I can rationalize that it's a quick fix, or it won't be dangerous to accomplish. Maybe I don't see other vehicles on the road so I think no one else will be affected. Perhaps I'm stopped at a red light, so that means I'm not moving so that makes it safe. Juicy justifications, all: multiple taps and swipes of the phone are anything but quick, I'm never completely alone on the road, and I must remain alert for drivers at stoplights.

Smartphones may offer hands-free GPS service, but that may not even be a reasonable option, considering that multi-tasking while operating a multi-ton vehicle is ill-advised under the best of circumstances, even with a skilled driver.

More importantly, when a text or call comes in and the phone is perched next to my hand, it's difficult to resist the impulse to read the screen or answer the phone (which, again, involves multiple keystrokes or swipes).

I am not alone. When I'm behind the wheel, I see many drivers, including professionals, operating their smartphones. If I see a car swerve into another lane, inexplicably slow down or stay stopped at a light after it turns green, I see the driver's head jerk up from her or his hand or lap in surprise.

How do we make our roads as safe as possible while using modern technology — or is that even possible?

Friday, November 7, 2014

Summer Reading: It May Last into Winter!

So, did you read a lot this summer? I know of a few readers who did, and it will earn them a book of their own!

One of the most enjoyable parts of the summer reading club is coming up with new books to read. I invited my buds to join the club for summer reading, and two readers took me up on it.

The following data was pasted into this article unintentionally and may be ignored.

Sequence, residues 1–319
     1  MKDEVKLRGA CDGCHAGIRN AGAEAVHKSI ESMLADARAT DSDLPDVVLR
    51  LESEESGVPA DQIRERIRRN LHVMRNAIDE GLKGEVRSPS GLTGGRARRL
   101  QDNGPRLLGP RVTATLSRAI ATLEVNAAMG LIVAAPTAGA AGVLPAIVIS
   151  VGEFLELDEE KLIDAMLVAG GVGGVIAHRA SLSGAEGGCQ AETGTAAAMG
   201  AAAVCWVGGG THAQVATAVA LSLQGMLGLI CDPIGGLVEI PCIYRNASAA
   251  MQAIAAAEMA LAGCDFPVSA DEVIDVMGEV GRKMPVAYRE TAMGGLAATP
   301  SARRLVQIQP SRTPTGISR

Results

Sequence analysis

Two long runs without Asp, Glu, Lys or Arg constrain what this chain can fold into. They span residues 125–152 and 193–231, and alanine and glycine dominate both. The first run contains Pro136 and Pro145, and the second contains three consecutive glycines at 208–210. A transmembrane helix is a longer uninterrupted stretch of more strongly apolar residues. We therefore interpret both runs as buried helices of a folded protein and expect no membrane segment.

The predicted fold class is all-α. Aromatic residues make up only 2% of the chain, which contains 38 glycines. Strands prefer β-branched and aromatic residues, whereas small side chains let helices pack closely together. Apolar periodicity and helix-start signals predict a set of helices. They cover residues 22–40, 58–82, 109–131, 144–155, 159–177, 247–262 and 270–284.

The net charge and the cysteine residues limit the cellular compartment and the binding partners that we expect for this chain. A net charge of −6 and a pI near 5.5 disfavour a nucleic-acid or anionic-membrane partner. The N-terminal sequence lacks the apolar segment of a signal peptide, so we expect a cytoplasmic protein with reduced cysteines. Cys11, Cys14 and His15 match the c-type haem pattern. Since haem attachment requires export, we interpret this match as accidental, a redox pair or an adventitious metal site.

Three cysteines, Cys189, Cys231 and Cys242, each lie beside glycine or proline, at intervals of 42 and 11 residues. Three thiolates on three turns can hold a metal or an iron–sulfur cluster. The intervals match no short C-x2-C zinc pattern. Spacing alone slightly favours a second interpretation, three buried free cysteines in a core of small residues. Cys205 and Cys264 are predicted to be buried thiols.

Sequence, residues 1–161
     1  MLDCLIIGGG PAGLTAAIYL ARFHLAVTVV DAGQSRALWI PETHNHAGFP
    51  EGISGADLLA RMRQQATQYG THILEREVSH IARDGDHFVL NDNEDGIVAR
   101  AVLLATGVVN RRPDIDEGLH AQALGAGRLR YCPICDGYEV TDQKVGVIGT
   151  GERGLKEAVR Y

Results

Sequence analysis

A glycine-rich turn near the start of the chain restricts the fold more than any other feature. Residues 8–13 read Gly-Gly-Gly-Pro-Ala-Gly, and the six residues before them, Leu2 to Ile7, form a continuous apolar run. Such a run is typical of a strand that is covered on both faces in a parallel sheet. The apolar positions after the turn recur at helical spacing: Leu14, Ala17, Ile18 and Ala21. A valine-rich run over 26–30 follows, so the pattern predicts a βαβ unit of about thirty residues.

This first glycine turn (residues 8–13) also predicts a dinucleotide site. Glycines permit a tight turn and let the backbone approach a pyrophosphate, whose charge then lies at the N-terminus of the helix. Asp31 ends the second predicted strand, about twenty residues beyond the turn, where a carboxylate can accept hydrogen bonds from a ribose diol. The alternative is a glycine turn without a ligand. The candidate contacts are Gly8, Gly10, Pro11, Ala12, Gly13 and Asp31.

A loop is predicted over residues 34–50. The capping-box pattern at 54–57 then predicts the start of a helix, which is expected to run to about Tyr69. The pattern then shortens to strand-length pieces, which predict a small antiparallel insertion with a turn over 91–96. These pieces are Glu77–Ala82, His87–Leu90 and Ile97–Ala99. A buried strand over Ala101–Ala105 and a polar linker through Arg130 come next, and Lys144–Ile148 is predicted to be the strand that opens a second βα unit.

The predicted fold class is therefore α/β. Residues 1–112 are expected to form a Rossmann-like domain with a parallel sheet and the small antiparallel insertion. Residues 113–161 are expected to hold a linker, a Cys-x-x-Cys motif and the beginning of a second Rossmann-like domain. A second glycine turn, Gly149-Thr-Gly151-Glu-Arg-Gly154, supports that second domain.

Both Karen and Stacy  tantalized me with their amazing reading lists. I think I found a few more tomes to add to my (growing) "to be read" list and was pleased to see an unexpected name among the authors. (Oh, there were more than a few favorites in there, too. I know how to pick them — friends and books.)

Karen read the following, for a total of 20 tomes:
  1. The Bone Chamber, Robin Burcell
  2. Misery, Stephen King
  3. Coming Home, Mariah Stewart
  4. Desperation, Stephen King
  5. Feels Like Family, Sherryl Woods
  6. The Sign of the Beaver, Elizabeth George Spear
  7. Escape from Andersonville, Gene Hackman and Daniel Lenihan
  8. The MacGregors-Alan Grant, Nora Roberts
  9. The Walking Dead:Rise of the Governor, Robert Kirkman and Jay Bonansinga
  10. The Hazards of Hunting a Duke, Julia London
  11. I Know Why the Caged Bird Sings, Maya Angelou
  12. The Help, Kathryn Stockett 
  13. Stoker's Manuscript, Royce Prouty
  14. Sixth Sense, Ramona Stewart
  15. The Eye of the Tiger, Wilbur Smith
  16. True Believer, Nicholas Sparks
  17. The Trap, Tabitha King
  18. Soldier Dogs, Maria Goodavage
  19. Global Warning: Are we on the Brink of World War III? Tim Lahay and Ed Hindson
  20. Supervolcano:Eruption, Harry Turtledove

Stacy is "claiming a total of 40," which include: